Interesting bit of data: Even though Android smartphones and tablets have been outselling Apple products by a fairly wide margin for the last two years, Apple-users seem to do a lot more online. Many more Black Friday online purchases came over Apple’s iOS operating system than over Android. And it’s not just purchases: TPM notes that it gets almost four times as much iOS traffic as any other kind of smartphone or tablet traffic. Nobody has offered a compelling explanation yet, but you have to wonder if a bunch of Android devices are sitting in a drawer.
Nicholas Kristof observes that post-Sandy, back-up generators are the newest must-have device for the East Coast elite. And then he makes a very important point:
It would make more sense to invest those resources in the electrical grid so that it wouldn’t fail in the first place.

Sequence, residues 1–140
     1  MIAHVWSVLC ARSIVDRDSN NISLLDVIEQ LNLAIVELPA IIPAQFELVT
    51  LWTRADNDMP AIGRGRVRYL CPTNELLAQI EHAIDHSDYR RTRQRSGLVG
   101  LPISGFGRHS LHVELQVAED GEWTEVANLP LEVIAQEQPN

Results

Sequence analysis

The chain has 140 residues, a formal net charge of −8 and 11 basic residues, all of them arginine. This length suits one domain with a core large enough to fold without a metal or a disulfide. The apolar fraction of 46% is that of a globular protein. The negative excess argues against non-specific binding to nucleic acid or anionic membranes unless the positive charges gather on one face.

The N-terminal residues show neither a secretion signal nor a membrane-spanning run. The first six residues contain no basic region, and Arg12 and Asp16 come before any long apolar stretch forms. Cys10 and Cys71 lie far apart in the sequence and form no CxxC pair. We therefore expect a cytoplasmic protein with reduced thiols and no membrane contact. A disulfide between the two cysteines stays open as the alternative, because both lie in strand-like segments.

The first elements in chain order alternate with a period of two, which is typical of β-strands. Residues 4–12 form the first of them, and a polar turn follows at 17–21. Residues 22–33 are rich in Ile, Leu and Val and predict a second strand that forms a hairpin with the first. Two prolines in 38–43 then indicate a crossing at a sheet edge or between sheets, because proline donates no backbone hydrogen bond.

Public consumption is way more efficient than private consumption. A few rich people can have big yards, or the community can have a park. Everybody can buy their own books, or we can have a public library. A few kids can learn in expensive private schools, or we can fix the public schools for all kids. We can buy bottled water, or we can make the public water system clean and safe. What makes more sense?
But increasingly, we’re opting for private consumption.
Half-a-century of tax cuts focused on the wealthiest Americans leave us with third-rate public services, leading the wealthy to develop inefficient private workarounds. … I’m used to seeing this mind-set in developing countries like Chad or Pakistan, where the feudal rich make do behind high walls topped with shards of glass; increasingly, I see it in our country.
Republicans who don’t want their party to change have been arguing that they just need to turn out the base better. FreedomWorks’ Matt Kibbe wrote this in the NYT: